After plaintiff was handcuffed, he stated that the officers helped him stand and escorted him down the hallway. (Barksdale Dep. 33). Plaintiff makes no claim that the officers used force, other than taking him to the ground on the escalator and forcing his hands behind his back after he was pulled off the escalator at the bottom so the officers could handcuff him.

As discussed above, Officer Colavita was attempting to pass plaintiff on a crowded escalator to assist fellow officers who were struggling with an arrestee on the first floor. Under the circumstances, it was not unreasonable for Officer Colavita to "push" plaintiff from behind as he tried to get by him. As discussed above, Officer Colavita had probable cause to believe that plaintiff tried to strike the officer with his arm and was obstructing governmental administration. Under the circumstances, the officer did not apply unreasonable or excessive force when he took plaintiff down with him as he fell as a result of contact with plaintiff's elbow.

Plaintiff makes no specific accusations of force other than Officer Colavita "grabbing, tussling, and screaming and yelling" on the escalator, getting pulled off the escalator by Officer Quatrone, and his hands forced behind his back so the officers could handcuff plaintiff. (See Barksdale Dep. 24). Given the plaintiff's admitted refusal to put one arm behind his back as the officers were attempting to complete a probable cause arrest, the limited use of force to move his other arm behind his back so he could be handcuffed was not excessive or unreasonable.

While plaintiff clearly believes that the officers should not have arrested him, the court has already determined that the officers had probable cause to do so. The court finds that the force used by the officers was reasonable and appropriate to effect that arrest. The force defendants used was limited and necessary to subdue an individual who appeared to be physically obstructing Officer Colavita's efforts to pass him to assist other officers, to pull plaintiff off the escalator, and to handcuff him. Plaintiff's claim based on excessive force is dismissed.

VI. Qualified Immunity

Defendants argue that they are entitled to qualified immunity, which protects government officials when performing their discretionary functions when "their actions could reasonably have been thought consistent with the rights they are alleged to have violated." Anderson v. Creighton, 483 U.S. 635, 638 (1987). In determining whether qualified immunity applies, the court may first consider whether "the facts alleged show the [defendant's] conduct violated a constitutional right." Saucier v. Katz, 533 U.S. 194, 201(2001), modified by Pearson v. Callahan, ___ U.S. ___, 129 S. Ct. 808, 811 (2009) (holding that, "while the sequence set forth [in Saucier] is often appropriate, it should no longer be regarded as mandatory in all cases").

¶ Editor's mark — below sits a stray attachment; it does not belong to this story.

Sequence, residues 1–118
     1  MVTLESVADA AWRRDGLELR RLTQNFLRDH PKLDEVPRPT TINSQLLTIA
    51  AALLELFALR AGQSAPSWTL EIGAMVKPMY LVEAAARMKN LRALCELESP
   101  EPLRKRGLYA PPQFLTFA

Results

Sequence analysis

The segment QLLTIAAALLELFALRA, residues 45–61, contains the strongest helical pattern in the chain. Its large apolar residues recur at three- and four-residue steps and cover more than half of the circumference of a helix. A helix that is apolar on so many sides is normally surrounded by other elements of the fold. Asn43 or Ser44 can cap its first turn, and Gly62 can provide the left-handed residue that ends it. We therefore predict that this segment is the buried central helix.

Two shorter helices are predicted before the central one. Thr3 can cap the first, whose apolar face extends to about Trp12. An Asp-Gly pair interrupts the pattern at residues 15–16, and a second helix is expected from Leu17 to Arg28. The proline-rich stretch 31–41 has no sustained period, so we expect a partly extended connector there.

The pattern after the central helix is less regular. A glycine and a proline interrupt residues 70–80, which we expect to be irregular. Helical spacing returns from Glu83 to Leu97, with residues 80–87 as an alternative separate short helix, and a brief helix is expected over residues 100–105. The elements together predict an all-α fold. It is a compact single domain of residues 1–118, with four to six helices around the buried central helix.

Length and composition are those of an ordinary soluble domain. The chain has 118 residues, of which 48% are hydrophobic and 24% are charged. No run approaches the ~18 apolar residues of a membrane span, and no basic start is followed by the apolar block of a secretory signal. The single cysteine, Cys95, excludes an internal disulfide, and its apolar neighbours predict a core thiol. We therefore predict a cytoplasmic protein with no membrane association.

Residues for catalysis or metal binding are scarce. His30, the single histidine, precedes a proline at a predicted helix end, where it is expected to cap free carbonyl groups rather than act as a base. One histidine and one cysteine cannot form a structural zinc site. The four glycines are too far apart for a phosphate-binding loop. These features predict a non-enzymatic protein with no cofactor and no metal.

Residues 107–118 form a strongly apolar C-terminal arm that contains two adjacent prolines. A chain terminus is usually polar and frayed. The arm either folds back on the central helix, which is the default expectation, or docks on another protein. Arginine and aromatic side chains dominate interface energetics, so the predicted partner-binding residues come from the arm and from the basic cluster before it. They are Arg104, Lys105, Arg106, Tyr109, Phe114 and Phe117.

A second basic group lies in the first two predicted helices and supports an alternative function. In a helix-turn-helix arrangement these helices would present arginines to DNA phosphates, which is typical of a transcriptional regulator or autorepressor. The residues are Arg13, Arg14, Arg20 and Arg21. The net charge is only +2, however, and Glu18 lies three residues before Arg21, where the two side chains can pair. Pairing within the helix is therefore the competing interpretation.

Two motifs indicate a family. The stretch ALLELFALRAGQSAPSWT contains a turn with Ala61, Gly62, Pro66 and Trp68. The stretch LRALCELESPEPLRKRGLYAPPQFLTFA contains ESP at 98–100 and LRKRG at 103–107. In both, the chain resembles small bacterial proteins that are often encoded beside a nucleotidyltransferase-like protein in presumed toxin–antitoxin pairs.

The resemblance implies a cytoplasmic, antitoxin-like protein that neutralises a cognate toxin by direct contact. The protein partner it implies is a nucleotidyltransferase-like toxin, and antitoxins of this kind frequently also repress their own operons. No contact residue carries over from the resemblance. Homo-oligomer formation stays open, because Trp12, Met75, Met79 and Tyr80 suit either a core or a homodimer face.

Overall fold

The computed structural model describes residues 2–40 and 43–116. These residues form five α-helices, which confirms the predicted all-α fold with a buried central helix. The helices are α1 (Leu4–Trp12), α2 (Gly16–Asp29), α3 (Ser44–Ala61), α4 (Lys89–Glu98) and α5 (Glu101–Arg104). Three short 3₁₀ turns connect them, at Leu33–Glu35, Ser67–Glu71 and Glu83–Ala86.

Additionally, officers are entitled to qualified immunity when they have "arguable probable cause to arrest," which exists if either of two conditions are met: "(a) it was objectively reasonable for the officer to believe that probable cause existed, or (b) officers of reasonable competence could disagree on whether the probable cause test was met." Jean v. Montina, 412 Fed. App'x 352, 354 (2d Cir. 2011) (citing Amore v. Navarro, 624 F.3d 522, 536 (2d Cir. 2010) (internal quotation marks omitted).

Even assuming that a question of fact exists that would be sufficient to defeat summary judgment as to whether the officers had probable cause to arrest plaintiff, the officers would still be entitled to qualified immunity. The incident, at a minimum, is one in which officers of reasonable competence could disagree as to whether they had probable cause to arrest plaintiff. Therefore, Officers Quatrone and Colavita had "arguable probable cause" to arrest plaintiff and to use the force reasonably necessary to effect that arrest. Therefore, defendants are entitled to qualified immunity.

WHEREFORE, based on the findings above, it is

ORDERED, that defendants' motion for summary judgment (Dkt. No. 18) is hereby GRANTED, and it is further

ORDERED, that the complaint in this action be DISMISSED IN ITS ENTIRETY, and it is further

ORDERED,that judgment be entered in favor of the DEFENDANTS.